The article cites a few studies that validate not only the health benefits of meditation but also more, what I call, headache relief meditation and science, about the brain. A study done by the Massachusetts General Hospital researchers who scanned the brains of 20 people who meditated regularly, found that the "four regions of cortex, the rind of the brain, associated with higher functions like memory and decision making were thicker than in 15 subjects who didn't meditate."
They also found that the one area of the cortex aged less in comparison to those control individuals who did not meditate. So then, what this means is that this study provided evidence that the brain structure was indeed altered by "western-style meditation practice."
On a more practical and objective level, other researchers reported that "people who reached deeper states of relaxation exhaled more nitric oxide, a gas known to relax the smooth muscles in arteries, and aid blood flow" by using a device that measures an individual’s exhalation.
In another study done by Wachholtz and Pargament (2008) cited in an article written by Cathy Wong (2012) in Alternative medicine about.com, findings were that regular meditation reduced migraine frequency and increased pain tolerance when compared to the control group of participants. This study monitored 83 migraine patients for one month.
In fact, this study supported the theory that practicing any stress management techniques on a regular basis may help reduce your migraine occurrence. The study, as most studies do, said more needs to be researched in this area and that stress management alone should not be used for migraine pain management.
Norman Doidge, M.D. in his book The Brain that Changes Itself says
Cynthia Perkins, a fellow migraine sufferer, identifies individual body functions associated with migraines, stress and our brains. [6 p.14]
So, doing mindfulness meditation stimulates the frontal lobes of the brain increasing our stress reducing neurotransmitters and reducing our primary stress inducing neurotransmitter that is responsible for setting off our body's automatic stress response reaction. [6 p.14]
I don’t know about you, but I definitely go into fight response before a migraine and my anxiety levels increase significantly! Your poor body can be in a constant state of stress just from the threat of the next migraine attack.
Do you experience anxiety before an attack?
Another point worth mentioning is...
"The crucial point you want to be aware of in regard to the autonomic nervous system is that it becomes dysfunctional for a variety of contributing factors, which may include but is not limited to: emotional trauma, war, poverty, violence, natural disasters, loss of a loved one or any great loss, environmental toxins, poor diet, sugar, caffeine, nicotine, drugs, alcohol, nutritional deficiencies, metabolic problems like hypoglycemia, excessive oxidative stress, hormone and neurotransmitter imbalances, emotional stress, structural disorders like TMJ, food sensitivities, Candida, yeast infections, parasites, any physical trauma like a sports injury, car accident or tooth extraction, chronic stress of any kind and even lack of meaning and purpose in your life." [6 pp. 21-22]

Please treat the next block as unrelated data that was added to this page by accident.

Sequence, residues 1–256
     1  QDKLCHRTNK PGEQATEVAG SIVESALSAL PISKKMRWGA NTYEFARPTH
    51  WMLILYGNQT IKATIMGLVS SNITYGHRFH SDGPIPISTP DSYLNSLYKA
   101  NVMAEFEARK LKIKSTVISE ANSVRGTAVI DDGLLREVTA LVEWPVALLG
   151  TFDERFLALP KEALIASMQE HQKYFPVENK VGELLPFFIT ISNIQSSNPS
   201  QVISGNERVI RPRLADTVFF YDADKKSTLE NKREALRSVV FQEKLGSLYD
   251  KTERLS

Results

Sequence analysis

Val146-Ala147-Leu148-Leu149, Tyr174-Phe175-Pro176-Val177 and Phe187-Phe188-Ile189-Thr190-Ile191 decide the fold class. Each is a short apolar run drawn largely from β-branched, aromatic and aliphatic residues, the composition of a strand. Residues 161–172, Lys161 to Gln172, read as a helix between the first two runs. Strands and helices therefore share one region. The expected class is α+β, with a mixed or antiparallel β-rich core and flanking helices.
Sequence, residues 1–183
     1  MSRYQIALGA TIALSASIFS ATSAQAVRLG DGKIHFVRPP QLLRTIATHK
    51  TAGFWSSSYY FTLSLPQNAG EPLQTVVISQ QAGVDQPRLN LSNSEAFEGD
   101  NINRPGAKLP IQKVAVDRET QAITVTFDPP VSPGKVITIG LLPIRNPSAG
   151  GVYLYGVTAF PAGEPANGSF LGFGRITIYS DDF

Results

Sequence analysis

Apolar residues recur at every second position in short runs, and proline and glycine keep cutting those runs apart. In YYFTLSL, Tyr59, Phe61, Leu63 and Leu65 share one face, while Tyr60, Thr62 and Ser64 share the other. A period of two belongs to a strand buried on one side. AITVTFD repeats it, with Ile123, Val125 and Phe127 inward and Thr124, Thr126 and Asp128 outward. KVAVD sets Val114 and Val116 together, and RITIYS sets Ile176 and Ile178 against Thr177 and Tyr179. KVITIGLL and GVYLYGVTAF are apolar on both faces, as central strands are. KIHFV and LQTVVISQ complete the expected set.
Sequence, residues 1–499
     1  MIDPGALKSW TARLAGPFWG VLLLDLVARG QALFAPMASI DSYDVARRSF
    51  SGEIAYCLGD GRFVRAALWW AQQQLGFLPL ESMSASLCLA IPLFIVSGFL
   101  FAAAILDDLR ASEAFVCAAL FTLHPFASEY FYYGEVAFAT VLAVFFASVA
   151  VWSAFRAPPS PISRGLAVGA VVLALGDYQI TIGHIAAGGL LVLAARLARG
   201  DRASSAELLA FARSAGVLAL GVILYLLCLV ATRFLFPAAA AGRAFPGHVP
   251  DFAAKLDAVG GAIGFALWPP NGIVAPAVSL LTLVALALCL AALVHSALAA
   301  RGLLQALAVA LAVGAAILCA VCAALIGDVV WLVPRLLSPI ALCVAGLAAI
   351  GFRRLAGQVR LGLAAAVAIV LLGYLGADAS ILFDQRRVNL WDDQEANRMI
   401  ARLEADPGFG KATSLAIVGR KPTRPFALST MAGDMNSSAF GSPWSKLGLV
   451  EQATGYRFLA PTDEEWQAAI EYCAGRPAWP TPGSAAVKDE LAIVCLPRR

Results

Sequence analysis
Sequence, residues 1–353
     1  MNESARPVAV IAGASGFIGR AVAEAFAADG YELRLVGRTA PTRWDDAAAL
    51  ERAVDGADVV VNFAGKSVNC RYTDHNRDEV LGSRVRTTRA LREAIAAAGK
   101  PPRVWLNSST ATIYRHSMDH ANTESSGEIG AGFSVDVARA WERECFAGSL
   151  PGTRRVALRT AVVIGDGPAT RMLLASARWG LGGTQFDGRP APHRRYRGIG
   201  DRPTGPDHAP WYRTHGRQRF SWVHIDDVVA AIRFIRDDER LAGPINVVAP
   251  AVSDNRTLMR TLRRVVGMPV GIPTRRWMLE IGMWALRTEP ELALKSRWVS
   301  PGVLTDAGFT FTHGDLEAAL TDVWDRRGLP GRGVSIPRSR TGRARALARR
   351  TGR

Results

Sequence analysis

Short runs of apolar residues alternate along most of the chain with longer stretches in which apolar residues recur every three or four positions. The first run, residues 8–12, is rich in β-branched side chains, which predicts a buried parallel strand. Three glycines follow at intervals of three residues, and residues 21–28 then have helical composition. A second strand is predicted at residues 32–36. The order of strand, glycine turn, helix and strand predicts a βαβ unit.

If stress is a migraine trigger for you, this is one way to avoid it more often in your life.
Hope this helps make sense of it all,
References for Headache Relief Meditation and Science:
1. Benson, H. M.D. (1975) The Relaxation Response. HarperCollins Publishers: NY.
2. Doidge, N. M.D. (2007) The Brain That Changes Itself. Penguin Books: USA. p. 290.
3. eHow.com (2012) What Happens to the Brain When You Get A Headache. [Online], Available online at: http://www.ehow.com/how-does_4965875_what-happens-brain-headache.html
4. Goldberg, Carey (2005) The Power of Om. Globe Newspaper Company, Nov.21, 2005 Issue. [Online], Available at: http://www.boston.com/news/globe/health_science/articles/2005/11/21/the_power_of_om/?p1=MEWell_Pos3.
5. Hale, G. and Evans, M. (2009) Feng Shui: Mind and Body, Spirit and Home. Anness Publishing Ltd.: London. p. 490.
6. Perkins, C. (2012) Mindfulness Over Migraines. Cynthia Perkins Self Published: USA. p.14; p.21-22.
7. Wachholtz, A.B., and Pargament, K.I. (2008) Migraines and Meditation: Does Spirituality Matter?" J Behav Med. Vol 31(4). pp. 351-66. [Online], Available online at: http://www.ncbi.nlm.nih.gov/pubmed/18551362 Accessed June 14, 2016.
8. Wong, C for Alternative Medicine (2012) Stopping Migraines with Stress Management. [Online], Available at: http://altmedicine.about.com/od/headache/a/migraines_stress.htm
Headache Relief Meditation Updated Feb. 19, 2020